Saturday, September 8, 2007

Morrison on Suspension and the Extrajudicial Constitution

Trevor W. Morrison, Cornell, takes up the history of habeas corpus and its implications in a new article, Suspension and the Extrajudicial Constitution. It is forthcoming in the Columbia Law Review. Here's the abstract:
What happens when Congress suspends the writ of habeas corpus? Everyone agrees that suspending habeas makes that particular - and particularly important - judicial remedy unavailable for those detained by the government. But does suspension also affect the underlying legality of the detention? That is, in addition to making the habeas remedy unavailable, does suspension convert an otherwise unlawful detention into a lawful one? Some, including Justice Scalia in the 2004 case Hamdi v. Rumsfeld and Professor David Shapiro in an important recent article, answer yes.
This Article answers no. I previously offered that same answer in a symposium essay; this Article develops the position more fully. Drawing on previously unexamined historical evidence, the first half of the article shows that treating suspension of the writ as legalizing detention is at odds with the dominant historical understanding in both England and the United States. According to that understanding, suspension affects neither the legality of detention nor the availability of post detention remedies (like money damages) for unlawful detention. Suspension of the writ, post detention liability, and legality are distinct questions.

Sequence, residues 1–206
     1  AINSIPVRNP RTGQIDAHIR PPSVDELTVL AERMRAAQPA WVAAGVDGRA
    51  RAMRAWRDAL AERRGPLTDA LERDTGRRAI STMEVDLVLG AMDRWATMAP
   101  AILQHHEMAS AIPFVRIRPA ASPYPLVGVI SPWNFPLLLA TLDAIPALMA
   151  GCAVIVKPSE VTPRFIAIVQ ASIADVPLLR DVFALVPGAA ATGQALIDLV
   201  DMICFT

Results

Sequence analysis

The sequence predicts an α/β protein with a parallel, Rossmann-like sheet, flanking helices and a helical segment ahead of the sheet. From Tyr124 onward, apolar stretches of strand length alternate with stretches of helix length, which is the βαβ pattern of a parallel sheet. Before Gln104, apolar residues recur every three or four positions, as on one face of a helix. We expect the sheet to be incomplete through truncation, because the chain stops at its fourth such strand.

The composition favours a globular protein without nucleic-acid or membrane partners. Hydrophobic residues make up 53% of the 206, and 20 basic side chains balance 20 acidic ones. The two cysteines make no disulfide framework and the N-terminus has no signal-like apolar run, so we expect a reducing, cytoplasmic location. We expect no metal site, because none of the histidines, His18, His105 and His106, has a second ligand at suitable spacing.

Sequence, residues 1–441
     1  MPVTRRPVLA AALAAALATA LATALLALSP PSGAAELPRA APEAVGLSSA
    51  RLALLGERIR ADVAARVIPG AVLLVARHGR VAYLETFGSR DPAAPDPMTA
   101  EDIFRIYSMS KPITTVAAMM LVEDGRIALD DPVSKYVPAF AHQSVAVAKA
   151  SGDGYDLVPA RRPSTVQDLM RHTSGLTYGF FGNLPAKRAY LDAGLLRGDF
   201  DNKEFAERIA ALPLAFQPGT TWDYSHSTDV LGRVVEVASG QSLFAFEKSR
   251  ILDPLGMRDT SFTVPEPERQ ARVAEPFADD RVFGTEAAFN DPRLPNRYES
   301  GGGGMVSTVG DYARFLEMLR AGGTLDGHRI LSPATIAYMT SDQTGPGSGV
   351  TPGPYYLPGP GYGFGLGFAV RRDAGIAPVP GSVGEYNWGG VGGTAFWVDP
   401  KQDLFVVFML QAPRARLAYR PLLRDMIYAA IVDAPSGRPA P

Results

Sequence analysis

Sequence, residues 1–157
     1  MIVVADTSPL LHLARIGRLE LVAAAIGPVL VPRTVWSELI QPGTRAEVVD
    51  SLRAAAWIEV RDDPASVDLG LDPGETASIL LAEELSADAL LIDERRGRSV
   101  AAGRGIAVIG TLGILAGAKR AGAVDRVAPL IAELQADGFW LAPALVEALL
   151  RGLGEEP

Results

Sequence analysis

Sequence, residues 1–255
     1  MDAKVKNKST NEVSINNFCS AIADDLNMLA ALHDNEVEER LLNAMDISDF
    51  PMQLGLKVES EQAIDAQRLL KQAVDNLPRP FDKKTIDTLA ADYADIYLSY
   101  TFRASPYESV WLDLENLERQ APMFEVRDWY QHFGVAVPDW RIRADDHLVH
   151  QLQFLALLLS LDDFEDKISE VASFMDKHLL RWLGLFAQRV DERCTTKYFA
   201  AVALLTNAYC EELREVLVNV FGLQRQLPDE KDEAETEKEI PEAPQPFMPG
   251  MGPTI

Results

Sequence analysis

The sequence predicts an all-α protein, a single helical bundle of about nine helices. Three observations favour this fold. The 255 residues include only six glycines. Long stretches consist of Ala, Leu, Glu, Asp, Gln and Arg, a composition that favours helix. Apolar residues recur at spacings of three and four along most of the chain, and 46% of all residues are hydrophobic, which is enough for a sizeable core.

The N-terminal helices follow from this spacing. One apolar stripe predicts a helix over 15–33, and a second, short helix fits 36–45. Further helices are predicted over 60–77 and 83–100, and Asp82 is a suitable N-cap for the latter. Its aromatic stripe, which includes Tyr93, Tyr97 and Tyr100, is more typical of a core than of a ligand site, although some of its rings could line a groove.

My aims go beyond providing a positive account of suspension, however. In the second half of the Article, I examine a set of broader issues that my account of suspension raises but that the current literature almost entirely overlooks. The core question here is this: If suspension does not equal legalization, what are the roles and obligations of the legislative and executive branches when the writ is validly suspended? I suggest ways to think about those branches' independent obligation to uphold and enforce the Constitution during periods of suspension, especially with regard to constitutional norms that might seem to be associated exclusively with the courts. In that respect, the article uses suspension as a window into larger issues regarding the theory and mechanics of constitutional interpretation and implementation outside the courts.

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